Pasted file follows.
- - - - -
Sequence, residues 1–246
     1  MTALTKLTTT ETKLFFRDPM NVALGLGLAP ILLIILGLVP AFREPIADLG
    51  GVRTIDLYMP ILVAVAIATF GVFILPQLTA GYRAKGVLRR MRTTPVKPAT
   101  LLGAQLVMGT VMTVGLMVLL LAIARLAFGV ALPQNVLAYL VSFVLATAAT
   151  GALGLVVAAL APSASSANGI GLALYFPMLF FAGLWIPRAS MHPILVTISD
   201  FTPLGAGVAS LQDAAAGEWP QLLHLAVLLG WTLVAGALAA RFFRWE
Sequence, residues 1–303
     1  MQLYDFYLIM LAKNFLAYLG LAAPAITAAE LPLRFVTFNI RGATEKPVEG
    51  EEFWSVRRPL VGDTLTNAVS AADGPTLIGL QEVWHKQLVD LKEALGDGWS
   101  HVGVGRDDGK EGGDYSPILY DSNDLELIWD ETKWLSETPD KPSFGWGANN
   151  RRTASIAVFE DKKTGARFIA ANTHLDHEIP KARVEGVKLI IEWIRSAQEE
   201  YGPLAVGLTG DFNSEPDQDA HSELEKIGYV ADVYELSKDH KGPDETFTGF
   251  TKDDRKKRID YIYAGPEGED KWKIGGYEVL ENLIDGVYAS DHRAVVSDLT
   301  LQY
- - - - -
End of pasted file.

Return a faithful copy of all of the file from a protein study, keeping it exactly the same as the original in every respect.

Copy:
Sequence, residues 1–246
     1  MTALTKLTTT ETKLFFRDPM NVALGLGLAP ILLIILGLVP AFREPIADLG
    51  GVRTIDLYMP ILVAVAIATF GVFILPQLTA GYRAKGVLRR MRTTPVKPAT
   101  LLGAQLVMGT VMTVGLMVLL LAIARLAFGV ALPQNVLAYL VSFVLATAAT
   151  GALGLVVAAL APSASSANGI GLALYFPMLF FAGLWIPRAS MHPILVTISD
   201  FTPLGAGVAS LQDAAAGEWP QLLHLAVLLG WTLVAGALAA RFFRWE
Sequence, residues 1–303
     1  MQLYDFYLIM LAKNFLAYLG LAAPAITAAE LPLRFVTFNI RGATEKPVEG
    51  EEFWSVRRPL VGDTLTNAVS AADGPTLIGL QEVWHKQLVD LKEALGDGWS
   101  HVGVGRDDGK EGGDYSPILY DSNDLELIWD ETKWLSETPD KPSFGWGANN
   151  RRTASIAVFE DKKTGARFIA ANTHLDHEIP KARVEGVKLI IEWIRSAQEE
   201  YGPLAVGLTG DFNSEPDQDA HSELEKIGYV ADVYELSKDH KGPDETFTGF
   251  TKDDRKKRID YIYAGPEGED KWKIGGYEVL ENLIDGVYAS DHRAVVSDLT
   301  LQY